In line with the Financing Gap method, under the Net Asset method Chinese subsidiaries can also borrow short-term (<=12 months) or long-term (1-3 years) debt. However, according to the Net Assets method, the balance of the amount of funds available for borrowing of foreign debt will be restored after the principal is repaid on time according to the contract, irrespective of the choice for short- or long-term borrowing. In other words, the subsidiary can apply for a foreign loan on multiple occasions.

The larger the size of the enterprise’s net assets, the larger the scale of cross-border financing will be, which will automatically increase with the increase of the net assets, instead of being restricted by the registered capital under the Financing Gap method.

Important to note: foreign-invested enterprises in China may choose either the Financing Gap method or the Net Assets method to apply initially for a foreign loan. Once the company has selected one method, it is not allowed to switch method for future loan applications. Therefore, it is essential to carefully consider the choice of the method when applying for an intercompany loan.

Foreign Loan Interest Rates

When an intercompany loan is initiated and a foreign loan agreement is prepared, it is important for the companies to establish an interest rate based on the Loan Prime Rate (LPR). The LPR is published by the National Interbank Funding Center (NIFC), which is an institution authorized by the People’s Bank of China (PBOC). Generally, the LPR is equal to the most preferential lending rate offered by commercial banks at that period in time and the LPR is calculated by averaging the quotes provided by a panel of several banks.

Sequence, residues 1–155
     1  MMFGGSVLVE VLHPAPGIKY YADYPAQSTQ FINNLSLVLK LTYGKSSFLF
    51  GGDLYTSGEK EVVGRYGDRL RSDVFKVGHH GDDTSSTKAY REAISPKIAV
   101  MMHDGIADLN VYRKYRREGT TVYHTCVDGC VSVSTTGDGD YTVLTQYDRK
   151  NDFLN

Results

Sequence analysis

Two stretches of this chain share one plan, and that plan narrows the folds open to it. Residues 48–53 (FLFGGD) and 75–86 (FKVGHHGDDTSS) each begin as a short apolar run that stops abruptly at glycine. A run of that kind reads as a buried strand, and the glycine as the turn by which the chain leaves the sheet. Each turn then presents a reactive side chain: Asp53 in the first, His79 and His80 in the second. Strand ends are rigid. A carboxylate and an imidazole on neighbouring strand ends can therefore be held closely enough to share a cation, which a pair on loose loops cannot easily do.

The LPR is published every 20th day of each month. For example, on July 20, 2020, the 1-year LPR stood at 3.85% and the 5-year LPR stood at 4.65%. This rate is valid until the LPR of the following month is released. It should be noted that the financing period impacts the LPR and in case the term of a loan is extended this will require an alteration as well in the applied LPR.

Interest payments are deductible for CIT purposes if the amount is reasonable and complies with the arm’s length principles. In China, similar to most service fee and royalty fee arrangements, interest payments are subject to VAT (6%), withholding tax and surtaxes.

Application of foreign loan procedures

For a Chinese subsidiary to apply for a foreign loan, generally the following steps must be performed:

1. Prepare intercompany loan agreement or contract both in English and Chinese (documents must be signed/chopped by all parties);
2. The agreement or contract must be registered with local SAFE within 15 working days of signing;